Book for September 2013
So begins this epic, mesmerizing first novel set in the underworld of contemporary Bombay. Shantaram is narrated by Lin, an escaped convict with a false passport who flees maximum security prison in Australia for the teeming streets of a city where he can disappear.
Accompanied by his guide and faithful friend, Prabaker, the two enter Bombay's hidden society of beggars and gangsters, prostitutes and holy men, soldiers and actors, and Indians and exiles from other countries, who seek in this remarkable place what they cannot find elsewhere.
As a hunted man without a home, family, or identity, Lin searches for love and meaning while running a clinic in one of the city's poorest slums, and serving his apprenticeship in the dark arts of the Bombay mafia. The search leads him to war, prison torture, murder, and a series of enigmatic and bloody betrayals. The keys to unlock the mysteries and intrigues that bind Lin are held by two people. The first is Khader Khan: mafia godfather, criminal-philosopher-saint, and mentor to Lin in the underworld of the Golden City. The second is Karla: elusive, dangerous, and beautiful, whose passions are driven by secrets that torment her and yet give her a terrible power.
Burning slums and five-star hotels, romantic love and prison agonies, criminal wars and Bollywood films, spiritual gurus and mujaheddin guerrillas---this huge novel has the world of human experience in its reach, and a passionate love for India at its heart. Based on the life of the author, it is by any measure the debut of an extraordinary voice in literature.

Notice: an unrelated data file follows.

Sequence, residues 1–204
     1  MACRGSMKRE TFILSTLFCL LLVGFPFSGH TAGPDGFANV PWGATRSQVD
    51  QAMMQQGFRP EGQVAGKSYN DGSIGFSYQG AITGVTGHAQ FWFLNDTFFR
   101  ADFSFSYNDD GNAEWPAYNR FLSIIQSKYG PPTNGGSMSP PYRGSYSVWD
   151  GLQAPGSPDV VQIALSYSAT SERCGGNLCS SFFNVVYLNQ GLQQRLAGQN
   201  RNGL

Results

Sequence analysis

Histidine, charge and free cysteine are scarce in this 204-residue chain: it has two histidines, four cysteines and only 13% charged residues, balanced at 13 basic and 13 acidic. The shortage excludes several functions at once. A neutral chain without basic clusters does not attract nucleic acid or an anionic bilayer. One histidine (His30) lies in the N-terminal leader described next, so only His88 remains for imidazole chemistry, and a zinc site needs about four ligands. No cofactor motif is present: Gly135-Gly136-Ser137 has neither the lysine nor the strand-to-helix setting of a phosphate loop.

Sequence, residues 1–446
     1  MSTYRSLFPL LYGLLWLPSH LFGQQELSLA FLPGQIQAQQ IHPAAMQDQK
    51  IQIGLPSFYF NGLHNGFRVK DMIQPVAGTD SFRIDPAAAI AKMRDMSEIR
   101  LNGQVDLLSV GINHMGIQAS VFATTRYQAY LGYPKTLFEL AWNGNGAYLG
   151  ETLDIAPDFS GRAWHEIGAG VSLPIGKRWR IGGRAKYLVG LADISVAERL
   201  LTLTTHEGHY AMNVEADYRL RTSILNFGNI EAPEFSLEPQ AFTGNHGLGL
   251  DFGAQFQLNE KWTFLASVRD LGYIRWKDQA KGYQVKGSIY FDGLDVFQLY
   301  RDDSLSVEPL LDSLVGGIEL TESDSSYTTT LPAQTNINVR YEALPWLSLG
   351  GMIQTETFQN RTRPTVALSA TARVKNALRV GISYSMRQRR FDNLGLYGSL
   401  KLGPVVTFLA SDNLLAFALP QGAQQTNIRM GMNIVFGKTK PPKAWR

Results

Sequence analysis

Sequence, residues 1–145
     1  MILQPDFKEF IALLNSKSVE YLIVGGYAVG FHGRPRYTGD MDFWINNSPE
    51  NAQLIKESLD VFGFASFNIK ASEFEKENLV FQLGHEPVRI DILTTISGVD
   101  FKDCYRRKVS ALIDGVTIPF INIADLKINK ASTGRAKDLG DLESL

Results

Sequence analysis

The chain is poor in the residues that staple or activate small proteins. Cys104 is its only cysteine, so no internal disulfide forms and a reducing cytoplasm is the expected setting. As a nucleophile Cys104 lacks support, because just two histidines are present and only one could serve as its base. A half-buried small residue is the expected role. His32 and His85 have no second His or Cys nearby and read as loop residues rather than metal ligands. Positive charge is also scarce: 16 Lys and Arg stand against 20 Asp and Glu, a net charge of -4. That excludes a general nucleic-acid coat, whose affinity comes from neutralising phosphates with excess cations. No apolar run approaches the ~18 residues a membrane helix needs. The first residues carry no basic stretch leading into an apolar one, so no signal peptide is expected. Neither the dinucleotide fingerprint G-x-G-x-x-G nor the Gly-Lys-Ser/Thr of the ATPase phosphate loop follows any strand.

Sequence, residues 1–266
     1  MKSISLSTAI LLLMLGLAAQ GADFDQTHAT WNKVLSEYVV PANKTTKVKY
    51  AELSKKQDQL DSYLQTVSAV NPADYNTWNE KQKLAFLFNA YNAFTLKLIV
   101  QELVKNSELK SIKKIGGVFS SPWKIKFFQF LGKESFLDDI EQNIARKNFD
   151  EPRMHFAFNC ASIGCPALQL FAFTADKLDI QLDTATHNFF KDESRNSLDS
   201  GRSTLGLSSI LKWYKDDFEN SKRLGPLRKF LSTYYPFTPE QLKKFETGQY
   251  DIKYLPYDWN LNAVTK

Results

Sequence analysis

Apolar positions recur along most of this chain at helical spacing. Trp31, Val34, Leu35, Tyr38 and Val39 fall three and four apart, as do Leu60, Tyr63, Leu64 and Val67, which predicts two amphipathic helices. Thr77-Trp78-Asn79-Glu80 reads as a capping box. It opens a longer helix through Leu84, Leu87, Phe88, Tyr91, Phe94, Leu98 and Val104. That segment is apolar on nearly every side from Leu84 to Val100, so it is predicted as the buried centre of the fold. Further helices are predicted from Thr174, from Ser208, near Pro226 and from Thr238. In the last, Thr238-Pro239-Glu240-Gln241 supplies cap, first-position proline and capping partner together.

Roberts had become addicted to heroin after his marriage ended, and he lost custody of his young daughter. In his efforts to finance his drug habit, Roberts became known as the "Building Society Bandit" and the "Gentleman Bandit", because he had chosen to rob only institutions with adequate insurance, he would wear a three-piece suit, and he always said "please" and "thank you" to the people he robbed. Roberts believed at the time that in this way he was lessening the brutality of his acts, but later in his life he admitted that people only gave him money because he had made them afraid. He escaped from Pentridge Prison in 1980.
In 1990, Roberts was captured in Frankfurt after being caught smuggling heroin into the country. He was extradited to Australia and served a further six years in prison, two of which were spent in solitary confinement. According to Roberts, he escaped prison again during that time, but then he relented and smuggled himself back into jail. His intention was to serve the rest of his sentence to give himself the chance to be reunited with his family. During his second stay in Australian prison, Roberts began writing the novel Shantaram. The manuscript was destroyed by prison wardens, twice, while Roberts was writing it.